Bloating and Cancer Treatment
Bloating. It’s one thing to feel overly full after a large celebratory meal, but unfortunately, for many patients in cancer treatment, bloating doesn’t come with a holiday, but instead is an unpleasant side effect of cancer therapy. Bloating, or fullness after meals, may be caused by a variety of reasons including decreased exercise due to fatigue, taking in too much air while eating or eating gas-producing foods. Bloating can also be caused by slowed movement of food through the G.I. (gastrointestinal tract or digestive tract) tract due to gastric surgery, chemotherapy (also called chemo belly), radiation therapy or medications. Whatever the cause, the discomfort is universally not welcome. It’s a Catch 22. You need good nutrition to help your body recover and heal at its optimal level, but you may begin to avoid eating the foods which come with great nutritional benefits because many are also likely to cause bloating. The good news is that this is a temporary condition which will improve. In the meantime, try the following strategies to help yourself feel better:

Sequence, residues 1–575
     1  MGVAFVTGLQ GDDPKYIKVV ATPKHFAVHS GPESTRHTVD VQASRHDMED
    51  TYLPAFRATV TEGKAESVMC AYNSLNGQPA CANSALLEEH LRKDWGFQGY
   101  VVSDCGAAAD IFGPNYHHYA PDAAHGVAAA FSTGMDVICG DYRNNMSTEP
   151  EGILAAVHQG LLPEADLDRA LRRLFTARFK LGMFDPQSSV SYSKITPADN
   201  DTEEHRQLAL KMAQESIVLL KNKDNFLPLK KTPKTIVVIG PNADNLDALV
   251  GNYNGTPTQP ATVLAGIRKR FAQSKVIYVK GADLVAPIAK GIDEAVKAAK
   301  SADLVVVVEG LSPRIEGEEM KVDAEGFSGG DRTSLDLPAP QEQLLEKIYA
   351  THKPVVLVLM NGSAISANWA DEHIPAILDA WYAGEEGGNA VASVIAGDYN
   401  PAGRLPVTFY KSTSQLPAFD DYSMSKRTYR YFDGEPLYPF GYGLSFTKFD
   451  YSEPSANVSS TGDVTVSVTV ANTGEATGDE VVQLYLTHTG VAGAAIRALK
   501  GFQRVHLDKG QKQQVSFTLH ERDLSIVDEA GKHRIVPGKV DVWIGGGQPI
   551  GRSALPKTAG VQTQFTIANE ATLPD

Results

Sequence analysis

Food & Beverages